Sunday, August 24, 2008

On the Catholic thing
  • ‘Just what are you?’ As usual Arturo understands a lot: Theology is something we should not take lightly. Again, the question: what flavor is this blog? The cop-out answer is, “I am Catholic, period, without labels or other allegiances”. Of course, there is the right-wing solution, one that is affectionately known by those who like it about as much as a toothache as “rad-tradism”. I guess in a lot of ways, I am more squarely in this category, if only by formation. [But] to go to my designated “liturgical watering hole” to get my liturgy of choice... I just feel it far from natural. And an answer, an opinion and school of spirituality not out of place in orthodoxy but possibly surprising to those who don’t really know orthodoxy: So in reflecting on this, I came to the conclusion that my Catholicism, indeed my entire system of seeing the divine, is viewed through the prism of the feminine... Marian. I think if there were more devotion to the Mother of God, everything else would fall into place. I don’t consider my Mass-and-office Catholicism particularly Marian but I agree. If that element’s not there something’s wrong because again the veneration of the Mother of God ‘is inherently about Jesus and that without paying proper attention to Mary, Christ is being short-changed and not fully understood’. Of course, that is the great thing about Byzantine worship: it is Marian par excellence. Of course! It’s o/Orthodox.
  • From the same entry: To tell the truth, I am most proud of my non-Catholic readers, since that means I am writing something that transcends the party line.
  • Arturo’s friend A. Guillory on the communion and cultus of the saints (not a cult in the modern sense of mind control and something that’s a false, rival god), which I think answers Derek: I think we Catholics salivate over those “say this prayer (this way) and (such-and-such) will happen” the way others must pick out their lottery numbers for the jackpot. But it’s not really that it’s works-based — it’s how we know that they are holding our hands. In the same way someone is just an acquaintance until they give you a true gift, a sincere gift from their heart. It’s how God and the saints become our intimates. We have saints that always knew they were going to be saints (St. Maria Goretti) and saints who got there initially kicking and screaming (St. Francis of Assisi). Saints who refused to fight (St. Martin of Tours) and ones who led armies (St. Joan of Arc). Saints that levitated during Mass (St. Joseph of Cupertino), and saints that fell asleep (St. Therese of Lisieux). Ones who were kings (St. Louis) and ones who did without great possessions (St. Anthony the Great). Ones who founded religious orders (St. Madeleine-Sophie Barat) and ones who did great things in existing ones (St. Bernard of Clairvaux). Ones whose lives are concealed behind myth and legend (St. Dymphna) and ones who kept diaries (St. Maria Faustina Kowalska). And on it goes.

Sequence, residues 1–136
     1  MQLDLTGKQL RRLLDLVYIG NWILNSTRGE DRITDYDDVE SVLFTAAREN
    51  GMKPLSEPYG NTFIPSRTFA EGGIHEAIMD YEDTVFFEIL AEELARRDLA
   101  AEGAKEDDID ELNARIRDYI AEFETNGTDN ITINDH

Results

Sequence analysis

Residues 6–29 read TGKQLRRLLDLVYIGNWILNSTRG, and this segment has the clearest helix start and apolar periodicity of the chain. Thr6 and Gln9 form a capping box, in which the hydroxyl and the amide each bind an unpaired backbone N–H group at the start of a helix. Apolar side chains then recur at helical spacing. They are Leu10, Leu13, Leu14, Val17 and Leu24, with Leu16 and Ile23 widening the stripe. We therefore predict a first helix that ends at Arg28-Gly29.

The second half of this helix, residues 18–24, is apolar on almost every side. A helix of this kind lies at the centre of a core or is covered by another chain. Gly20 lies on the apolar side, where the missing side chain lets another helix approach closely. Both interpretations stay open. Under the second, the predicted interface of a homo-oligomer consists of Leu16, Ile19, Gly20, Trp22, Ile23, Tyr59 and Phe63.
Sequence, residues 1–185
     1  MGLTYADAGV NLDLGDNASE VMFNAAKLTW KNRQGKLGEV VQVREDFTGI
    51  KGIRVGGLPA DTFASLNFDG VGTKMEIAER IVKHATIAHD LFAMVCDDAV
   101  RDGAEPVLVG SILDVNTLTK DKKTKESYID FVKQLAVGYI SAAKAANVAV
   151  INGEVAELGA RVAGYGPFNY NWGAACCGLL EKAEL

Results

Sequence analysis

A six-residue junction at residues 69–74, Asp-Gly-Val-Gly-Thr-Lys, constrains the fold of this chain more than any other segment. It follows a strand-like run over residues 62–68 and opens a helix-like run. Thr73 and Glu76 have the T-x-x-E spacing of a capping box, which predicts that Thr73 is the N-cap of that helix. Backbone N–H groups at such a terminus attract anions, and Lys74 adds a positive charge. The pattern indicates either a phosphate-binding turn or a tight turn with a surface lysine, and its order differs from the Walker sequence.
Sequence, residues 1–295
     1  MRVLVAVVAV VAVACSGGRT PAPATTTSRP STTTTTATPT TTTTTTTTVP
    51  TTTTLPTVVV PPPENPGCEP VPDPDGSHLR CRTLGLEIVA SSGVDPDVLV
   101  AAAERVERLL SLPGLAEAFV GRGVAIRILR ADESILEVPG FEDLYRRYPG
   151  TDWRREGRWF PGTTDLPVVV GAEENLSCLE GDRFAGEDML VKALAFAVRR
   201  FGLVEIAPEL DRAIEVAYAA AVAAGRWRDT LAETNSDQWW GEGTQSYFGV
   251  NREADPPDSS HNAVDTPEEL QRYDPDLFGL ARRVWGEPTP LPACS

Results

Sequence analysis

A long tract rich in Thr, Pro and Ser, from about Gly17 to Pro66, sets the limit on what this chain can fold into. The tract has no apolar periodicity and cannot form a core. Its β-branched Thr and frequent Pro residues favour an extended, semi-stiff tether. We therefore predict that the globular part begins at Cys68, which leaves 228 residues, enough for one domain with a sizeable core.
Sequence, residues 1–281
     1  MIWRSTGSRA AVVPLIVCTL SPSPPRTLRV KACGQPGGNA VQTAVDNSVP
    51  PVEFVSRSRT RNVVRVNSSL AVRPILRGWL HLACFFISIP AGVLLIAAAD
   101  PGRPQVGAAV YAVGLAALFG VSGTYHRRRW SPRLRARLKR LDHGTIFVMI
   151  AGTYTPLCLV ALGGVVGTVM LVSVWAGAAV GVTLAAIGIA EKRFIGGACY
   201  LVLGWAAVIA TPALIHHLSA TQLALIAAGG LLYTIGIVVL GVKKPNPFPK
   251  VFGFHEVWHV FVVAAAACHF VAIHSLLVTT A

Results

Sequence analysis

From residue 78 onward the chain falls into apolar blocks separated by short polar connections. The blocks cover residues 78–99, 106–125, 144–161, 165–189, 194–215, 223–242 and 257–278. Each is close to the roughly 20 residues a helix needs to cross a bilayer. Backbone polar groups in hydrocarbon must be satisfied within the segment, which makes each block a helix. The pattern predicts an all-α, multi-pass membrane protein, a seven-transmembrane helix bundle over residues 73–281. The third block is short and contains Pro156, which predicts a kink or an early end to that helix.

• From the same entry: Maybe my children will finally figure out how Calvinists can believe in unconditional election and irresistible grace and yet care so much about what others do.

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